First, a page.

In an early episode of Da Ali G Show, the dimwitted host played by Sacha Baron Cohen interviews a DEA agent who says marijuana can cost up to $1,000 an ounce. Ali G tells him he got ripped off and offers to set him up with a less expensive supplier. The Philadelphia Daily News provides similar comic relief with a piece that blows the lid off the absurdly inflated "street values" that cops claim when they seize drugs. "In the hands of a narcotics cop with a calculator," the paper notes, "$2 million of heroin can become $9 million, $500,000 worth of meth can become $2.5 million, [and] coke worth less than $1 million can become several million." The main trick is to value wholesale quantities based on the price they might command when sold to users in tiny amounts:
Last week, for instance, Bensalem police confiscated 15 kilos of heroin and 20 pounds of meth—described as one of Bucks County's largest drug busts—from two California men driving a tractor-trailer on Street Road. Police originally estimated that the drugs were worth $10 million, then upped it to $11.7 million.
But the estimated wholesale value of those drugs—a ballpark figure of what they're actually bought and sold for at those quantities in this area—is about $1.6 million, according to prices used by the Drug Enforcement Administration and other law-enforcement agencies.
Bensalem Public Safety Director Fred Harran said that police arrived at their figure, which is more than seven times higher, by dividing the drugs into $200 per gram of meth, and $300 per gram of heroin. Then, he said, they multiplied those new totals because the drugs would have been diluted, or "stepped on."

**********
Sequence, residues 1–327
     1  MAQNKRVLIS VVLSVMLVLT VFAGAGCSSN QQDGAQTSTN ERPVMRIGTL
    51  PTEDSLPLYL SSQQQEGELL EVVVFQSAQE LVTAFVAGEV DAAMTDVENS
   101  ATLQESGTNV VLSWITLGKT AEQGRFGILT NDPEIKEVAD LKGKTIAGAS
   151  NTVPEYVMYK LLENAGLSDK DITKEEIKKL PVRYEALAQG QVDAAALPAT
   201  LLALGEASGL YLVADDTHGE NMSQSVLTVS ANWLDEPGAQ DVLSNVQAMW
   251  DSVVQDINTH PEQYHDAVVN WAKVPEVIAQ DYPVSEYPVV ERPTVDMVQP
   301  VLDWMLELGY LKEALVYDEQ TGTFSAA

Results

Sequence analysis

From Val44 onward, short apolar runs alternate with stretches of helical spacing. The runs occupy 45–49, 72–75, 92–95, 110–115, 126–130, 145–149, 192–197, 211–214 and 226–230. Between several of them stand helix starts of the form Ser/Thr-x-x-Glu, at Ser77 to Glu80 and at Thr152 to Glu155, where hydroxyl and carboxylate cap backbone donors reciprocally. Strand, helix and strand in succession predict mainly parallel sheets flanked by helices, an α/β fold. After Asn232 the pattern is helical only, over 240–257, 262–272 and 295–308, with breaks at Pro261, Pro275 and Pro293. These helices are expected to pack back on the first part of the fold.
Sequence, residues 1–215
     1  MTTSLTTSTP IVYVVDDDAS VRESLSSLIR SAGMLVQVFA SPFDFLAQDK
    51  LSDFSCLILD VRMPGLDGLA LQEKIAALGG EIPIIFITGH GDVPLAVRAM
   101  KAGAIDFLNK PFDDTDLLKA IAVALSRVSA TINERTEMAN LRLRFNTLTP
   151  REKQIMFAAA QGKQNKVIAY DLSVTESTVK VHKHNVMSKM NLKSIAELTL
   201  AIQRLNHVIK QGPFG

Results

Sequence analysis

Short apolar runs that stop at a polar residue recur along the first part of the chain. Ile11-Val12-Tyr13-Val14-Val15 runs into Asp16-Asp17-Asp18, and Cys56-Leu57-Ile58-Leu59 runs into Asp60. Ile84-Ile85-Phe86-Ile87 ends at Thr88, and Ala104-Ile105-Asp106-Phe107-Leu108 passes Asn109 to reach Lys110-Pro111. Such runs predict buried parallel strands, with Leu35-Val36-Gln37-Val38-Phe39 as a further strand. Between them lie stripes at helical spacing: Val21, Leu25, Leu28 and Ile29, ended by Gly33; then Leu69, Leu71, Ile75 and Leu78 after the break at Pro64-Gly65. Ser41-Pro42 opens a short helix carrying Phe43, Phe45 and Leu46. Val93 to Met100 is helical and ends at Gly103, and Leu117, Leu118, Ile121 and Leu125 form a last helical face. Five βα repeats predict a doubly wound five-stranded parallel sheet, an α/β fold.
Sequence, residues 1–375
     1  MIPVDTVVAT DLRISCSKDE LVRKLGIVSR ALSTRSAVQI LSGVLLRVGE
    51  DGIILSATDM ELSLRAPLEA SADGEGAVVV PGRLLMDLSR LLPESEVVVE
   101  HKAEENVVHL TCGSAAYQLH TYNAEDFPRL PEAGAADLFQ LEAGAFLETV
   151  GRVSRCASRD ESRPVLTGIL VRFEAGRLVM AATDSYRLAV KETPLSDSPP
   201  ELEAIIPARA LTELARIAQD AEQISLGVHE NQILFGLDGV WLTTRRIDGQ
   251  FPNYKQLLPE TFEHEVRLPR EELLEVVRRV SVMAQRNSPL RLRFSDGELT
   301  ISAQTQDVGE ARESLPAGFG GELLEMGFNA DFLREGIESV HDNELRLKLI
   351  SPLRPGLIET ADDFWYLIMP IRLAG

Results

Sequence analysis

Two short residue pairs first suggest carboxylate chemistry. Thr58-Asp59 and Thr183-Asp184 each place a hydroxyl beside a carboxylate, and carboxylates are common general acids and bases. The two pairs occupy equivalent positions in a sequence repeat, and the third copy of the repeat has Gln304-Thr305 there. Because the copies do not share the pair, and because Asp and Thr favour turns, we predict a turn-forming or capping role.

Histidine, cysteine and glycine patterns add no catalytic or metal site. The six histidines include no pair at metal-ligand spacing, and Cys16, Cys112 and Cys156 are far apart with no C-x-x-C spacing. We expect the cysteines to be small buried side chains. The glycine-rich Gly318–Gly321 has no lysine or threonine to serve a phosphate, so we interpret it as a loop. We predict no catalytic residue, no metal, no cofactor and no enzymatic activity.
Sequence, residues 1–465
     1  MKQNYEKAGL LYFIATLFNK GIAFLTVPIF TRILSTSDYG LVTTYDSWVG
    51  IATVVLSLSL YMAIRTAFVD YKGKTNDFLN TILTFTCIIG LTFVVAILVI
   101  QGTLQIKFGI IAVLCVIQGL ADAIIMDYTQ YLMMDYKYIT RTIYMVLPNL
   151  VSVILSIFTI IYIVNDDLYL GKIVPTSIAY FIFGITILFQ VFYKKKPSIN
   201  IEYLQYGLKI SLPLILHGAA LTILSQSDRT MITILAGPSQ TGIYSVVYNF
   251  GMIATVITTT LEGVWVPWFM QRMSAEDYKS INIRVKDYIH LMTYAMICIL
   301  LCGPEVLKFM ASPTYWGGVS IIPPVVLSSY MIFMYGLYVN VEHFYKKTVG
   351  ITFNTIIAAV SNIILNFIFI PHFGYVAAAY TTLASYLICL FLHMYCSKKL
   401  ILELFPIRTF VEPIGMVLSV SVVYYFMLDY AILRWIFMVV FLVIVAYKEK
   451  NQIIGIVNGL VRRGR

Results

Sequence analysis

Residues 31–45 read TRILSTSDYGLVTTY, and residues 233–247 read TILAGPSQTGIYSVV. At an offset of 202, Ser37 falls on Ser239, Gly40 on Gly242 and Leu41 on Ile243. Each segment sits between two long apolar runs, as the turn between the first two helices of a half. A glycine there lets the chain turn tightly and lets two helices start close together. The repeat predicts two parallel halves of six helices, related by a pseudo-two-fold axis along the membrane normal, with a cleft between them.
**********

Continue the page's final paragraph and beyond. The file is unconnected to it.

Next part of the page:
"Instead of 20 pounds, if you cut it once with another substance, you now have 40 pounds," Harran said.
He estimated that the retail value of the heroin alone is $9 million, instead of its $1.2 million approximate wholesale value.
The numbers generated by this method sound more impressive, but they do not reflect what traffickers would have made by selling seized drugs (in amounts much larger than a gram) or what it will cost to replace them. The latter values are more relevant if you want to get a sense of a seizure's impact on the heroin or meth trade, which presumably is how a conscientious drug warrior would measure his success. Then, too, the further the calculations go from the level at which the drugs were seized, the more they depend on questionable assumptions such as the dilution ratio.
Sometimes the assumptions seem to have no basis in reality. The Daily News notes that the Philadelphia District Attorney's Office recently claimed 9,500 hits of LSD were worth $950,000, meaning it expected people would pay $100 per dose. "That's ridiculous," Brad Burge, director of communications at the Multidisciplinary Association for Psychedelic Studies, tells the paper. "We haven't had that kind of inflation yet. You're talking $5 to $10 a hit."
There's another way at looking at the numbers that drug warriors proudly cite. An accurate retail value would reflect what consumers are willing to pay for a product the government is arbitrarily destroying. The higher the value, the greater the senseless waste associated with the war on drugs. Given the huge markup associated with prohibition, of course, these substances would be much cheaper if they were legal, freeing the resources of current consumers for other purchases (or, in the case of heavy users who steal to fund their habits, dramatically reducing the property value lost to theft)—a huge economic boon, even leaving aside new consumers attracted by lower prices and the elimination of legal risks. But that's from the consumer's perspective. From the prohibitionist's perspective, benefits are costs, and costs are benefits